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Various reaction drives in M-Space and their fuel


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1 hour ago, seneschal said:


Our NASA link says, among other things, rhat a spacecraft traveling as fast as the International Space Station would take about 18 years to go from Earth to Neptune.  That's a long trip but perhaps doable in a human lifetime.  It would be a 40-ish year round trip.  Problem is, our articles on solar sailors seem to indicate that they would be slower than the International Space Station..  What does that mean for our doughty spacehands?  A voyage to the outer planets would be at least a career-length commitment if not a lifetime commitment.

That's a generation ship already, if only one extra generation.

Unsupported solar sailors starting from a neutral orbital vector will take that much to get up to speed. That's where mirrors or solar-pumped lasers come into play, creating a significantly higher light pressure.


1 hour ago, seneschal said:

Jim Hawkins signs on as cabin boy of the Space Hispaniola at age 8 or 10 (the Treasure Island character was about 12).  He is 50-ish when he returns to Earth. 

What's your assumed life expectancy for Jim Hawkins? Stevensons protagonists were approaching ancient around fifty. Our intrepid space-farers might well expect to be in good working order well into their seventies (provided space doesn't offer wildly deleterious circumstances to life expectancy). Aided with implants, their internal repair service might well make a sixty year term of service just the prequel to your civilian career. (Another development completely missing from Traveller...)


1 hour ago, seneschal said:

What happened to all the adult crewmen he shipped with?  They are in their 90s or older.  Do we assume advanced medical care will keep them spry?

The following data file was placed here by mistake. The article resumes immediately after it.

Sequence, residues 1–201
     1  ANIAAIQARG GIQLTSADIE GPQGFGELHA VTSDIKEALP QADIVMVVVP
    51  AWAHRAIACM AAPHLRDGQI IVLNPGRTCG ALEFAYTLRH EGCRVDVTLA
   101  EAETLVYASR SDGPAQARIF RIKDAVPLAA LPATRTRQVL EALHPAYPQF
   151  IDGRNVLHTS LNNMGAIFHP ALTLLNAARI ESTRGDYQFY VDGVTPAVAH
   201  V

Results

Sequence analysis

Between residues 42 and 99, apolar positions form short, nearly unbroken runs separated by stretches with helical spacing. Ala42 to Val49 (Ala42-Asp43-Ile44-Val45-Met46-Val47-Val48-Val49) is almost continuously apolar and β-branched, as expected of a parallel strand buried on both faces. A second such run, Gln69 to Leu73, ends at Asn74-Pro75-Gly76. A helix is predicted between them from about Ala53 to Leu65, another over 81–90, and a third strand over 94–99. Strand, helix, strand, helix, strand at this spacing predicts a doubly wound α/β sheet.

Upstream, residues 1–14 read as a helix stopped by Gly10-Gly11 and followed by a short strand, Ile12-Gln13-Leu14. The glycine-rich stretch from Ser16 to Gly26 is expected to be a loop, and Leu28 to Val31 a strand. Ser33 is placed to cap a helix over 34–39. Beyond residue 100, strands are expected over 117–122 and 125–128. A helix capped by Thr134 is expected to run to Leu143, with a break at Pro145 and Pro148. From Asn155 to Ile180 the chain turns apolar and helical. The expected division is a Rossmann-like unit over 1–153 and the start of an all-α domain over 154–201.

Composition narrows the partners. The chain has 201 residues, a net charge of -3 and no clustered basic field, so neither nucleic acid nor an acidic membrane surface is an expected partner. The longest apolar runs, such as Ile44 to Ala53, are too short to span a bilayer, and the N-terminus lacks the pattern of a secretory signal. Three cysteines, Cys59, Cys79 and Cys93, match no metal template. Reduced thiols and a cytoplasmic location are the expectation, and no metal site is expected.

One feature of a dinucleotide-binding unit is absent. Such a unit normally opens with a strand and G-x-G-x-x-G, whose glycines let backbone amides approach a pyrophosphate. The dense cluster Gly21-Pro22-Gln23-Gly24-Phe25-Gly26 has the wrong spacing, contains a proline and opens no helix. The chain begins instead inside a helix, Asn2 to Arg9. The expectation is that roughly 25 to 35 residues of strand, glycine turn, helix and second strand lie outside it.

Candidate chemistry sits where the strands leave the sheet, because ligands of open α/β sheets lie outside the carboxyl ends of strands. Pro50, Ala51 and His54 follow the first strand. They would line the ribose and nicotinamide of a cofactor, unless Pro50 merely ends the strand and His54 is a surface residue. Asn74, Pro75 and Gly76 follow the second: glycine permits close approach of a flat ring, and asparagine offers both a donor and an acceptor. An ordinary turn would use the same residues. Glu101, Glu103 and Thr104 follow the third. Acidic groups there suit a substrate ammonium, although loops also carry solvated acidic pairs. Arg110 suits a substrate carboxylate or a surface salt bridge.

How spry do you need to be in a lowered G environment? The effects of low G on the human body aren't known yet (unlike the efects of prolonged zero G). Solar sailors would need to rely on rotational simulation of gravity, probably some bola solution for their habitats, or possibly an aquatic environment in zero G (hasn't been tried yet, but might stimulate body musculature better than simulated G).

They'd still want some "down" time, e.g. when catching a cold. Poor Chris Hadfield proved that our coping mechanism with the sniffles results in extreme unhappiness in zero G.


1 hour ago, seneschal said:

 Or perhaps we staff our spaceships with virile 20-year-olds.  

Nubile 20-year-olds, rather. You don't need that many men on a generation ship.

1 hour ago, seneschal said:

They are in their early 60s upon return while Jim is in his early 50s.  Sounds more practical and explains all those grizzled Classic Traveller veterans.  Still you've got to account for training and education time so they can operate the ship.  So mid-60s upon return.  

Information can be transported on flight, so what you would want is a small crew of experienced teachers/trainers, a bunch of POs with a solid foundation, and a batch of cadets (and wonder boys/girls) to train on the way.

Or you might bring a nursery.

1 hour ago, seneschal said:

Would you sign up for a space voyage straight out of high school or college, knowing that you might never see you parents or favorite aunt alive again?